Alaska Native Language Center | Snow -
Alaska Native Language Center | Snow
"The claim that Eskimo[1] languages have numerous words for "snow" has often been repeated and has become familiar to the general public in addition to linguists and anthropologists. The point to be made seems to be that "Eskimo" has some indeterminate number of words -- and the numbers given vary in different sources -- for a substance that is described in English and most non-Eskimo languages with a much smaller number of words. The existence of snow terms in Eskimo is most often used to show the relationship between the vocabulary of a language and the physical environment in which that language is used. For some reason it is always the Eskimo example that is brought out to illustrate this situation and not the fact that painters may use a wide array of color terms and carpenters know a lot of words pertaining to nails and other hardware. The Eskimo example has entered the realm of popular mythology, having turned into a scholarly equivalent of the urban legend about the poodle in the microwave: everyone is familiar with the story but the exact details are a little sketchy." - Maitani from Bookmarklet
"Two publications have refocused attention on the snow example. Linguist Geoffrey Pullum in 1991 published The Great Eskimo Vocabulary Hoax but first, in 1986, Laura Martin, Professor of Anthropology at Cleveland State University, published a report in the American Anthropologist titled "Eskimo Words for Snow: a Case Study in the Genesis and Decay of an Anthropological Example." This interesting article follows the example from the original claim made by Boas in the introduction to the Handbook of American Indian Languages, published in 1911, through its many mutations and transmogrifications as it has been repeated and often amplified in articles and books and all without reference to primary sources of information. The numerous published dictionaries of Eskimo languages were not consulted, and neither were linguists or Inuit. A brief summation of the history of the snow example based on Martin's article follows, showing how the example progressed and took on a life of its own, divorced from any empirical data to support it." - Maitani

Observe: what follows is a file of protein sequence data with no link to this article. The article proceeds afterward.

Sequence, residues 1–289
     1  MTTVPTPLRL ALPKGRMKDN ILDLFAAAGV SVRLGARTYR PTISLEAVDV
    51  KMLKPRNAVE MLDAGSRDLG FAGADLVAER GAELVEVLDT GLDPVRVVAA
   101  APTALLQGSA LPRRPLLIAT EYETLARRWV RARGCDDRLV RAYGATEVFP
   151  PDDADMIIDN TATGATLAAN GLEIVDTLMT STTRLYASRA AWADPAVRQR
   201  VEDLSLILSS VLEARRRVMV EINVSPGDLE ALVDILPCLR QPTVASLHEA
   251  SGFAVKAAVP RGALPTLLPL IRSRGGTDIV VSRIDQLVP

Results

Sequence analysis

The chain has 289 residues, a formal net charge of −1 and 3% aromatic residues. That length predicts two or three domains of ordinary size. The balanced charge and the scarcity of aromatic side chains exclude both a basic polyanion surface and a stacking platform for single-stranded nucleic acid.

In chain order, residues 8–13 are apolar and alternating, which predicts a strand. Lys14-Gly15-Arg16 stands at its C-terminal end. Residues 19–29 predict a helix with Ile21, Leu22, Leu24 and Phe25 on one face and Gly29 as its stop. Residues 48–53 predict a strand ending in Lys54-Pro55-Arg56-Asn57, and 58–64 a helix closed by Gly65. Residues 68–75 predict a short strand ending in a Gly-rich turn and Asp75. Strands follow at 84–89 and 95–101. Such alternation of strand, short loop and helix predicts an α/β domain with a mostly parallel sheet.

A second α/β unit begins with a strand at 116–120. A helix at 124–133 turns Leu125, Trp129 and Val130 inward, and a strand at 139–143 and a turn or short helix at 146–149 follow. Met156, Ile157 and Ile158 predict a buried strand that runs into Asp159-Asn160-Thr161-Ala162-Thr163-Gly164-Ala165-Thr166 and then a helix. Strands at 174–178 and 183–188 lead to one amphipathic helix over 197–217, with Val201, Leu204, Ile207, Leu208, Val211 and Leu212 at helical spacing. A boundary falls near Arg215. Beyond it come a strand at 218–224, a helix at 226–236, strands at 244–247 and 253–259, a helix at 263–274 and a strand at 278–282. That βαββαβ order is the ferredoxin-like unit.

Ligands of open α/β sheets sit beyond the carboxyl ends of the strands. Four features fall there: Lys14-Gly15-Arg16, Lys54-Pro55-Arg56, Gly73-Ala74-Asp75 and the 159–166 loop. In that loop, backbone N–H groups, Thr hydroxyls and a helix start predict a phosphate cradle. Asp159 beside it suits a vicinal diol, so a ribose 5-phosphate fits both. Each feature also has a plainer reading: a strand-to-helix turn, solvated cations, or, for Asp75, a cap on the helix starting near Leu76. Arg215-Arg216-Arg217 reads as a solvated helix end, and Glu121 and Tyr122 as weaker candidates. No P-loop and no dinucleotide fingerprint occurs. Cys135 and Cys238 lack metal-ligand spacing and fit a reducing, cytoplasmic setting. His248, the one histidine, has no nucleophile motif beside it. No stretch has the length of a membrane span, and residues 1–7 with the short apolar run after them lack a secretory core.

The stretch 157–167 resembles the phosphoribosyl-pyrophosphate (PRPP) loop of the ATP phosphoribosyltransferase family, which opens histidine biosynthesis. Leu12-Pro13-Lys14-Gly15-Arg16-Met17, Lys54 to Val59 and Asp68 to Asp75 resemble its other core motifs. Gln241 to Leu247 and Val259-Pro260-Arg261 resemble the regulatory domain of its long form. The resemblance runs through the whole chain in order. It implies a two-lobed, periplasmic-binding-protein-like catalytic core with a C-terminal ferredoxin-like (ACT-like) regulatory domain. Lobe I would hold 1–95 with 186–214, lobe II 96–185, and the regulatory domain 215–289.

"When Boas in 1911 first presented his Eskimo snow terms, it was not in the section of the introduction called "Influence of Environment on Language" as one might suppose but rather in a less enlightening section called "Limitation on the Number of Phonetic Groups Expressing Ideas." The point of the discussion is to show that languages classify things very differently, "that the groups of ideas expressed by specific phonetic groups show very material differences in different languages, and do not conform by any means to the same principles of classification." Boas gives the example of English, where water in various states is denoted by independent, unrelated words, such as lake, river, brook, rain, dew, etc., although another language might conceivably express them by means of derivations from one term. Boas next gives an example comparing snow terms in "Eskimo" to English with its water terms. He gives four "words," aput 'snow on the ground,' qana 'falling snow,' piqsirpoq 'drifting snow,' and qimuqsuq 'snowdrift.' These forms appear to come from a variety of Eastern Canadian Inuktitut, but the source is not given.[2] Boas goes on to say that the same language has a variety of terms for seals." - Maitani